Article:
WASHINGTON (Army News Service, Dec. 5, 2006) - Servicemembers and their families tend to have a few more rules to master than the average American when it comes to tax time: Which allowances are taxable' Are they qualified for a combat-zone tax exemption, and if so, for how much of their income' What about a reenlistment bonus earned while deployed but not paid until redeployment - is it taxable'

This tax season, another question will likely be high on a Soldier's list: What is the HERO Act, and how can it work for me'

<b>The HERO Act</b>
The answer, according to the Internal Revenue Service, is that members of the military serving in Iraq, Afghanistan and other combat zones can now put money into an individual retirement account, even if they received tax-free combat pay.

Under the Heroes Earned Retirement Opportunities Act, signed into law on Memorial Day, servicemembers can now count tax-free combat pay when determining whether they qualify to contribute to either a Roth or traditional IRA. Before this change, military members whose earnings came entirely from tax-free combat pay were generally barred from using IRAs to save for retirement.

"The HERO act is one more way to let our fighting forces in combat areas knows that we support them," said IRS commissioner Mark W. Everson. "This is a good way for people serving in combat zones to save more of their earnings for retirement."
Additionally, the HERO Act allows servicemembers who received tax-free combat pay in either 2004 or 2005 to go back and make IRA contributions for those years. Those eligible have until May 28, 2009, to make these retroactive contributions.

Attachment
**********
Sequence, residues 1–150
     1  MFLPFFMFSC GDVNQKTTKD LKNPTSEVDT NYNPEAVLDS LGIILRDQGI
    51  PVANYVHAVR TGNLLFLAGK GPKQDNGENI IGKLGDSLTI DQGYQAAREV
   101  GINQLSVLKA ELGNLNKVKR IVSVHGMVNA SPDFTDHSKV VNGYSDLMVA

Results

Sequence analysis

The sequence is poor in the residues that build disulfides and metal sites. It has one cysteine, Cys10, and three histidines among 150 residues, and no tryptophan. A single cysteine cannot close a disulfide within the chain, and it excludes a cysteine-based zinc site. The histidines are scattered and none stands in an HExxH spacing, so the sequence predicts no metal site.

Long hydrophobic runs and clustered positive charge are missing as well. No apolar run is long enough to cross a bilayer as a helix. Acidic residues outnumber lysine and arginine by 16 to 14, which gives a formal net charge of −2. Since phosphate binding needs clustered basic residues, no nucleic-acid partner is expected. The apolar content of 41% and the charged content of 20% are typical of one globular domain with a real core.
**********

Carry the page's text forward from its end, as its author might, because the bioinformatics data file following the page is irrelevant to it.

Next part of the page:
<b>IRA contributions</b>
For those under 50, the IRA contribution limit was $3,000 for 2004 and $4,000 for 2005. For those 50 and over, the limit was $3,500 for 2004 and $4,500 for 2005. For the current tax year, the IRA contribution limit is $4,000 for those under age 50 and $5,000 for those 50 and over.

Roth IRA contributions are not deductible, but distributions, usually after retirement, are normally tax-free. Income limits and other special rules apply. Contributions to a traditional IRA are often, though not always, deductible, and distributions are generally taxable.

Deductible or not, contributions to a traditional IRA must be reported on the return for the year made. Deductible contributions are claimed on Form 1040, 1040A or 1040NR. Nondeductible contributions are reported on Form 8606, which is normally attached to one of these individual return forms.

If a return has already been filed for a particular year, contributions should be reported on an amended return, Form 1040x. Depending on circumstances, military personnel who choose to put money into a traditional IRA for 2004 or 2005 may qualify for additional tax refunds.

For tax tips and more information on issues affecting uniformed taxpayers, go to <a href="http://www.irs.gov"target=_blank> www.irs.gov</a> and enter the keyword "military" in the search field.

(Some information for this article was drawn from Internal Revenue Service press releases.)

Page last updated Tue December 5th, 2006 at 12:47